This page is about grandparents Joseph and Alice Bissell.
Joseph Bissell was born on the 7th Feb 1903 in Wortley. He was the only son of Charles William Henry Bissell and Mary Hannah Bissell. He had two sisters, Ivy and Doris. In the 1911 census they are shown as living at 10 Barras Garth Place, Upper Wortley.
Alice Bissell (nee Dacre)
Alice Dacre was born on the 13th March 1904 in Bramley. She was the daughter of Walter and Mary Hannah Dacre. Alice had a brother Cyril and a sister Mary Hannah. Sadly Mary Hannah died when just a baby. In the 1911 census they are shown as living at 17, Winchester Mount, Armley.
Joseph and Alice married on 11 Aug 1926 at the Wesleyan Chapel, New Wortley. They had six children. On the marriage certificate, Joseph gives his occupation as Tailor’s Manager and Alice gives her occupation as a Tailoress.
Joseph worked for Fifty Shilling Tailors where his main responsibility was to go to different parts of the country to set up new stores.
Fifty Shilling Tailors was a British chain of shops selling men’s clothes. It was founded in Leeds in 1905 by Henry Price and the chain expanded to over 400 stores across the country. In 1958 the company was sold to UDS, which renamed it John Collier.
In 1933, they moved from Leeds to Edinburgh. The photograph of Joseph above was dated 6 July 1934 and had the address 61 Pilton Place, Granton, Edinburgh written on the back, so this is probably where they lived in Edinburgh.
They moved to Stockton on Tees sometime before 1937. The 1939 Register shows they lived at 37 Windermere Road in Stockton on Tees.
In 1940, they moved back to Leeds. Joseph was then appointed Yorkshire District Organising Secretary for the Union of Shop Assistants, Warehousemen and Clerks (NAUSAWC), which later became USDAW (Union of Shop, Distributive and Allied Workers).
He was elected to Leeds City Council as a Labour councillor in 1944, but had to resign in 1946 because his union decided he wasn’t allowed to do both jobs. The following is a transcript of a report in the Yorkshire Evening Post.
Leeds Man Asked To Choose
Mr Joseph Bissell, a Socialist councillor for Armley and New Wortley Ward today refused to discuss his possible resignation from Leeds City Council.
He is West Riding area organiser for the National Amalgamated Union of Shop Assistants, Warehousemen and Clerks. He has been asked to resign either from the service of the union or from the City Council. ‘It is purely a domestic matter’, he replied today, when asked if he could clarify the position. It was pointed out to me in Labour party and trade union circles that it is not unusual for trade union officials to serve on a council. The National Executive of the union for which Mr Bissell is an area organiser has approved the following minute however:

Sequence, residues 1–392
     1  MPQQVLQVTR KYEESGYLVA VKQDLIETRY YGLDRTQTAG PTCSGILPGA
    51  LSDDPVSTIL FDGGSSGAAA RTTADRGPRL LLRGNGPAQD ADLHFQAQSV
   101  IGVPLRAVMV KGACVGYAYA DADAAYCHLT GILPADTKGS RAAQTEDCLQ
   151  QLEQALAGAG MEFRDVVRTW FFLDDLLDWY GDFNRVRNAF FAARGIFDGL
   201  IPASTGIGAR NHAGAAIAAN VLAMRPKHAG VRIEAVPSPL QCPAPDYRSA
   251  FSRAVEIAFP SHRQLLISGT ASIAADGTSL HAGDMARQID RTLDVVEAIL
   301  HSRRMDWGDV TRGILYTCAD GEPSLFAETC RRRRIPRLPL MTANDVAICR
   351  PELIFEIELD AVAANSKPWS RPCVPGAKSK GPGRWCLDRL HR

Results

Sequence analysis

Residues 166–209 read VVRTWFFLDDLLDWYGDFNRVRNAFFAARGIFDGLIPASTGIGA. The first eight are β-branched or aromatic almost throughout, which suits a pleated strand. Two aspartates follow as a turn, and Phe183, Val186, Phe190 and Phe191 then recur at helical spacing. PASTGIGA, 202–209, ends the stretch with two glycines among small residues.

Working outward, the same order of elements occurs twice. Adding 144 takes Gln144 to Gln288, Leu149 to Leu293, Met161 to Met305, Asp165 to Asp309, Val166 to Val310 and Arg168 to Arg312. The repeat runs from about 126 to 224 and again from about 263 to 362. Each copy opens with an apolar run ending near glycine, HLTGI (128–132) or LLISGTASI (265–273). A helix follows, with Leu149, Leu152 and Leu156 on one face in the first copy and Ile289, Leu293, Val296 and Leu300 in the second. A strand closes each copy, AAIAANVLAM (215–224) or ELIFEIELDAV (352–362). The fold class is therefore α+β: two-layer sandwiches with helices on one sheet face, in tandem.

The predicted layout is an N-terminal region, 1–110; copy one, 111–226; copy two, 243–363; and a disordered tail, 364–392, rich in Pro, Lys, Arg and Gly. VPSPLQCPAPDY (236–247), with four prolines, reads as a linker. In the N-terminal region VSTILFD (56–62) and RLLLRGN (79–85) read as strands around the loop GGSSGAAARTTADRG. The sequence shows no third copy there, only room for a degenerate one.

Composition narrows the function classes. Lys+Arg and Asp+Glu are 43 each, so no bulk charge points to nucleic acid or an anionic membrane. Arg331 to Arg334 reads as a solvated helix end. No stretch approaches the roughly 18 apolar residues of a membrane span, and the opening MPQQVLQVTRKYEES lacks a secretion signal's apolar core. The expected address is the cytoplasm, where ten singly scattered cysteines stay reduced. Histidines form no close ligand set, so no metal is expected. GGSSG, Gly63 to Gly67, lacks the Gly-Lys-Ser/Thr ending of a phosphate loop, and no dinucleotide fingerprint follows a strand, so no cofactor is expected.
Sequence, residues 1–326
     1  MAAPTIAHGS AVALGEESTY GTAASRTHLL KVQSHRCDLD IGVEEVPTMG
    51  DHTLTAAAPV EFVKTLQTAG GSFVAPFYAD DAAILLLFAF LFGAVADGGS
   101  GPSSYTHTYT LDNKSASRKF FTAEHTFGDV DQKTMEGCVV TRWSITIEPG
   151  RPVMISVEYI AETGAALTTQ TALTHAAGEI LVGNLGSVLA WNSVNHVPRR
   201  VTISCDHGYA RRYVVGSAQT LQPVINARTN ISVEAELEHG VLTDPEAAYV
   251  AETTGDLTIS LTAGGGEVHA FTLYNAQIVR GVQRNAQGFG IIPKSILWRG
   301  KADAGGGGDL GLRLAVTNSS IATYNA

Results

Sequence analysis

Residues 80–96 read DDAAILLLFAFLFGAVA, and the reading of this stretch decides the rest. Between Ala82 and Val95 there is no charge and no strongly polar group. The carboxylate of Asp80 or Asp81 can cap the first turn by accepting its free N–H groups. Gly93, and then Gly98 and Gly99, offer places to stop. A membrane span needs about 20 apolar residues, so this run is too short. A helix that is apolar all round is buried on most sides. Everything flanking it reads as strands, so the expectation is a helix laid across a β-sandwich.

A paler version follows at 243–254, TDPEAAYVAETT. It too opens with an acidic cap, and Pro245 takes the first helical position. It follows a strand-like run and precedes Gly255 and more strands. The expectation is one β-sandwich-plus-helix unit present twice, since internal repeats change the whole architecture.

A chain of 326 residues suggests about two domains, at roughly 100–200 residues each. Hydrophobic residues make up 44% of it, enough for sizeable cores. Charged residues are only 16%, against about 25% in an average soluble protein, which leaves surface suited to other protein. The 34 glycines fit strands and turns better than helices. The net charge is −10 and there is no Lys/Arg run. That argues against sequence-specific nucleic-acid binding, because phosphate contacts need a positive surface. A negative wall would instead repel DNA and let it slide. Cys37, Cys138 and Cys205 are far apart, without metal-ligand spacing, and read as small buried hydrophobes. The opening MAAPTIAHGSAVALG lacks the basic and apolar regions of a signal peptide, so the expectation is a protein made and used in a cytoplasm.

‘The general secretary reported that Mr Bissell had accepted nomination for the municipal elections in Leeds and had been elected. Correspondence between the general secretary, the divisional officer and Mr Bissell was read at the meeting. After considerable discussion it was moved and seconded that Mr Bissell be asked to resign from the Council or tender his resignation from the service of the union. The resolution was then carried unanimously.’
The matter will be discussed at the annual meeting of the union at Cardiff next Easter. Mr Bissell was near the top of the poll in Armley and New Wortley Ward at the last November elections. He is 43. For three years he was a member of the Reading Town Council and later of Stockton-on-Tees Town Council. He secured his trade union appointment in Yorkshire in 1940. He has taken great interest in the Yorkshire Council for Further Education. There are at least nine trade union officials serving on Leeds City Council.
The report mentions him serving on Reading Town Council, but I have not been able to verify this, so I think that is a mistake. Perhaps he served on the Edinburgh council and the reporter mis-heard and thought it was the Reading Borough Council. He did stand again a number of years later and was re-elected to Leeds Council in November 1953. He received 2678 votes compared to the Conservative candidate who received 2002 votes. He served on the council for 15 years before he eventually lost his seat in 1968.
In 1950, Alice was one of three women who were appointed as Justices of the Peace for Leeds. It says that at that time Alice was Women’s Secretary for the West Leeds Labour Party.
Joseph died of a heart attack on 30th June 1981 aged 78. Alice died on the 5th September 1979 of pneumonia and dementia.